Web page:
Scientist and teacher: Students in Slovakia can gain an education as good as abroad

30. Dec 2022 at 21:34 I Premium content

Ľubomír Tomáška is this year’s ESET Science Award laureate.

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Without exceptional teachers, students will get nowhere. Ľubomír Tomáška is a scientist and educator who tries to pass his experience on to new generations of students at the Faculty of Natural Sciences of the Comenius University in Bratislava.

He is this year’s ESET Science Award laureate in the category Outstanding Academic in Slovakia. As part of his work Ľubomír Tomáška also studies ways how cells communicate.

What is the communication between cells like? Is it something people would say to each other?

Sometimes we liken them to human communication, but it is more of an anthropomorphic metaphor.

So what mechanisms do they use to communicate?

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In order for a body to function, it is necessary for the cells comprising it to coordinate together activities such as metabolism, division, differentiation and even death. This coordination is ensured through complex communication networks, within which cells send various chemical, electrical, mechanical signals, and at the same time have sensors that can detect these signals and interpret them.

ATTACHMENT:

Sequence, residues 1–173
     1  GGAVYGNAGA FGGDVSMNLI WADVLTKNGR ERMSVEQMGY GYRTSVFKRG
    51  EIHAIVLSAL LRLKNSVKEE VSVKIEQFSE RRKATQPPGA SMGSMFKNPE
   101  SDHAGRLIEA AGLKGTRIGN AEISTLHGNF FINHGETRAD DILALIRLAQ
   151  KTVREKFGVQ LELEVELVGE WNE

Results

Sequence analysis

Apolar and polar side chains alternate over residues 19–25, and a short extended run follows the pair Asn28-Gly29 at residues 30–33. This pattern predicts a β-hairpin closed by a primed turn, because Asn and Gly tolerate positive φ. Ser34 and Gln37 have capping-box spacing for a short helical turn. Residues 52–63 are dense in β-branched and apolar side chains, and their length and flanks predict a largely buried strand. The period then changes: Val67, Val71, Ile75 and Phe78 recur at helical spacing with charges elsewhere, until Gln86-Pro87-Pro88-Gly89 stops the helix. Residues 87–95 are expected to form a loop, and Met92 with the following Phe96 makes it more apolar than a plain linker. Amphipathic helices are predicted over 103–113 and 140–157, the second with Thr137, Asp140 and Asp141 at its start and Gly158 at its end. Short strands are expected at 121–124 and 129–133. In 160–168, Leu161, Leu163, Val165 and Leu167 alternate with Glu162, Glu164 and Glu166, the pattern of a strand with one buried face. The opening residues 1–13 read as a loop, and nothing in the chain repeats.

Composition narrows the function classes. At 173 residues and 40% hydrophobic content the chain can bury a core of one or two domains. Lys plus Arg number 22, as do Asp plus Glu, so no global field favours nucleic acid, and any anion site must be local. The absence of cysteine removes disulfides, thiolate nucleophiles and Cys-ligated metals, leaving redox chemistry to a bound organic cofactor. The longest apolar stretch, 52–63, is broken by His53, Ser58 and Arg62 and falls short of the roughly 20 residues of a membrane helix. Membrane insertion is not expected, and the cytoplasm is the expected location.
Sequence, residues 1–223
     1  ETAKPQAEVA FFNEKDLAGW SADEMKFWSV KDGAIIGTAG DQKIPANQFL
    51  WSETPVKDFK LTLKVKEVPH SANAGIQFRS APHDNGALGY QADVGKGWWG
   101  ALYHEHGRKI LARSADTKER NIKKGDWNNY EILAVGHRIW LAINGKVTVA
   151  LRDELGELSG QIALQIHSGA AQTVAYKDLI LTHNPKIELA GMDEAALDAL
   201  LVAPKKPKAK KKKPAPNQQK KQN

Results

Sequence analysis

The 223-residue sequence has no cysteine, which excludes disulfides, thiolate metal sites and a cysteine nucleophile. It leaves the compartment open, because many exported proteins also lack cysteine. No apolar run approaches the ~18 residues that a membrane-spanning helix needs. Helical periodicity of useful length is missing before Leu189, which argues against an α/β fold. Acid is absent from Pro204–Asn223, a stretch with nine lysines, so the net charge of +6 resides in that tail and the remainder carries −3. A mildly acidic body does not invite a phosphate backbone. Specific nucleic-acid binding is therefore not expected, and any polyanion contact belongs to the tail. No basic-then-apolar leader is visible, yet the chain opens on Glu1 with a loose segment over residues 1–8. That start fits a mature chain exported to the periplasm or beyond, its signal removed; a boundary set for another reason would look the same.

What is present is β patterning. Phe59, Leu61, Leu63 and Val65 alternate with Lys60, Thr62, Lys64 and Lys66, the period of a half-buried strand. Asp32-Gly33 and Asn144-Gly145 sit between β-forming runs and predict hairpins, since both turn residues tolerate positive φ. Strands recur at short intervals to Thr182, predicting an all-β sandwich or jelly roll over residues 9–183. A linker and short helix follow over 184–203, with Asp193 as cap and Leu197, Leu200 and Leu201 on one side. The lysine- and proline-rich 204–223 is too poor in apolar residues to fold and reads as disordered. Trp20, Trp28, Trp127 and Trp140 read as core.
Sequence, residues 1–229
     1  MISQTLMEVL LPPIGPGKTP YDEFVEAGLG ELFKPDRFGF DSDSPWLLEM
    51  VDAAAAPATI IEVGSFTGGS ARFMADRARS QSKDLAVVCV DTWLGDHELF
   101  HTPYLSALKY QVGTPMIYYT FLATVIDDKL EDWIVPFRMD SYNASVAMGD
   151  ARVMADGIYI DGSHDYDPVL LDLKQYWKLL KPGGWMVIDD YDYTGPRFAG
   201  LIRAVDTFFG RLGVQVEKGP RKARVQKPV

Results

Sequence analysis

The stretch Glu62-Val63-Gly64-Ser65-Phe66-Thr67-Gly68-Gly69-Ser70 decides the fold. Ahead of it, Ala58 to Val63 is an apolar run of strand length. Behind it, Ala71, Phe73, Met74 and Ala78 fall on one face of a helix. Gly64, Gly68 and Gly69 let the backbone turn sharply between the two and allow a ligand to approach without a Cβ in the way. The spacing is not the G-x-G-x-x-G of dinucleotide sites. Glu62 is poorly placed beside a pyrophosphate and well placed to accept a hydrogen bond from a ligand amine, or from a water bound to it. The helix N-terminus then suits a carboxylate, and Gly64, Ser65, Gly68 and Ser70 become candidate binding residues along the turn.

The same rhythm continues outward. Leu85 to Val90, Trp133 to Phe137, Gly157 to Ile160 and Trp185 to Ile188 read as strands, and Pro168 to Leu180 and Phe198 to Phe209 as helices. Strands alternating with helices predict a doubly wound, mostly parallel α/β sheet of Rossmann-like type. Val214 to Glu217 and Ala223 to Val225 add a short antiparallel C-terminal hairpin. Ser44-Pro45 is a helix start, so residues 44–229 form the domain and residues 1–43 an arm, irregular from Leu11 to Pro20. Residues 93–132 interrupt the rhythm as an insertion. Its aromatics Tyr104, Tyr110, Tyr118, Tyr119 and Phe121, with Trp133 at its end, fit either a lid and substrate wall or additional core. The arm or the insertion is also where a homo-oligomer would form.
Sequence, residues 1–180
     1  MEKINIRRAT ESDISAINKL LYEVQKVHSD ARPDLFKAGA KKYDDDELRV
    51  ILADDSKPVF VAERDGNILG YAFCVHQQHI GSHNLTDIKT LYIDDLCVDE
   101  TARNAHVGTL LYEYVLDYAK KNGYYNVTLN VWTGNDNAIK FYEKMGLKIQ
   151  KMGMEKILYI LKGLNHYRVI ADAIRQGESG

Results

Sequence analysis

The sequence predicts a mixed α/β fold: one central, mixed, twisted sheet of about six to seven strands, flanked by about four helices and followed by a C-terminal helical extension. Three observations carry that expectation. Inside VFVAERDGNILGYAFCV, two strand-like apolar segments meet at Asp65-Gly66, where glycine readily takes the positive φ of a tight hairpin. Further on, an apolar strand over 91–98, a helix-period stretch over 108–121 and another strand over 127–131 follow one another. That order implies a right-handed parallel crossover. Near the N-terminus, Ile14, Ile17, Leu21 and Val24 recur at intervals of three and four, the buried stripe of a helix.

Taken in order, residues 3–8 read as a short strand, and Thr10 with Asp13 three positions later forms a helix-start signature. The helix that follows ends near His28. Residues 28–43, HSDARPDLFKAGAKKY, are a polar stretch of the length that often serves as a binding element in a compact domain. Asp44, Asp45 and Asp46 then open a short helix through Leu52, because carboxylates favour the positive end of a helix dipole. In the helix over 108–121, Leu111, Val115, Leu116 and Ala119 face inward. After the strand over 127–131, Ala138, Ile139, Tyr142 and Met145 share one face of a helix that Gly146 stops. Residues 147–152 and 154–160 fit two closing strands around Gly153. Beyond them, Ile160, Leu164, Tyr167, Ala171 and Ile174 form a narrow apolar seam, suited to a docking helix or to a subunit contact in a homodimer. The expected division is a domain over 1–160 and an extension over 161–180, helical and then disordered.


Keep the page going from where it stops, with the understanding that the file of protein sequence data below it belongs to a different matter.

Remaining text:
Furthermore, the cells themselves are not just some vessels full of chemicals, but sophisticated structured entities with a complex infrastructure. This means various physically and functionally connected departments, which we call organelles. Their activities must also be coordinated with each other. This is done by sending different messages reporting about the state of the respective part of a cell.

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In your research you also study the end sections of DNA molecules in chromosomes. Why?

The ends of chromosomes, or telomeres, are particularly susceptible to damage that can result in major changes in DNA, which often lead to oncogenesis. We are looking for the tools that cells use to protect the telomeres, or signals by which a cell informs others of problems with telomeres.

How can we imagine telomeres?

Telomeres can be likened to the protective, reinforced end on shoelaces that protect them from fraying. When this protection is lost, the laces gradually lose their function.

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